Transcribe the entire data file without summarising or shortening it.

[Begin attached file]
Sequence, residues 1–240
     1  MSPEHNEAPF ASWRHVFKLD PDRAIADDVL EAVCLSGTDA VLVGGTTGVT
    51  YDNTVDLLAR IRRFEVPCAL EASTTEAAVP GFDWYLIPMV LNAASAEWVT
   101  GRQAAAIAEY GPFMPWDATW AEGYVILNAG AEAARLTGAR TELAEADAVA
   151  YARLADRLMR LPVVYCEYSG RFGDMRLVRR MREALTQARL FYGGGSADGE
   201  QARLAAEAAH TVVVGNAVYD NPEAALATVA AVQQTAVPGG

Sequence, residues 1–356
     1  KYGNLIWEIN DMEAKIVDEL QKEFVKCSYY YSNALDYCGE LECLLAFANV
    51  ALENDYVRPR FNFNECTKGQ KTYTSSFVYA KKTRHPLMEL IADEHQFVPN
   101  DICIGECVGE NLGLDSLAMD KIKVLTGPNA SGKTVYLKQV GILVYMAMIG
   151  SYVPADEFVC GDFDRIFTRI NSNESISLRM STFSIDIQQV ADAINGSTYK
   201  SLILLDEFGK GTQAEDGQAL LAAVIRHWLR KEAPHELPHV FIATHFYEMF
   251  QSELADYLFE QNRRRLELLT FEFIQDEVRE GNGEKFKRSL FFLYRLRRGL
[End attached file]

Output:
Sequence, residues 1–240
     1  MSPEHNEAPF ASWRHVFKLD PDRAIADDVL EAVCLSGTDA VLVGGTTGVT
    51  YDNTVDLLAR IRRFEVPCAL EASTTEAAVP GFDWYLIPMV LNAASAEWVT
   101  GRQAAAIAEY GPFMPWDATW AEGYVILNAG AEAARLTGAR TELAEADAVA
   151  YARLADRLMR LPVVYCEYSG RFGDMRLVRR MREALTQARL FYGGGSADGE
   201  QARLAAEAAH TVVVGNAVYD NPEAALATVA AVQQTAVPGG

Sequence, residues 1–356
     1  KYGNLIWEIN DMEAKIVDEL QKEFVKCSYY YSNALDYCGE LECLLAFANV
    51  ALENDYVRPR FNFNECTKGQ KTYTSSFVYA KKTRHPLMEL IADEHQFVPN
   101  DICIGECVGE NLGLDSLAMD KIKVLTGPNA SGKTVYLKQV GILVYMAMIG
   151  SYVPADEFVC GDFDRIFTRI NSNESISLRM STFSIDIQQV ADAINGSTYK
   201  SLILLDEFGK GTQAEDGQAL LAAVIRHWLR KEAPHELPHV FIATHFYEMF
   251  QSELADYLFE QNRRRLELLT FEFIQDEVRE GNGEKFKRSL FFLYRLRRGL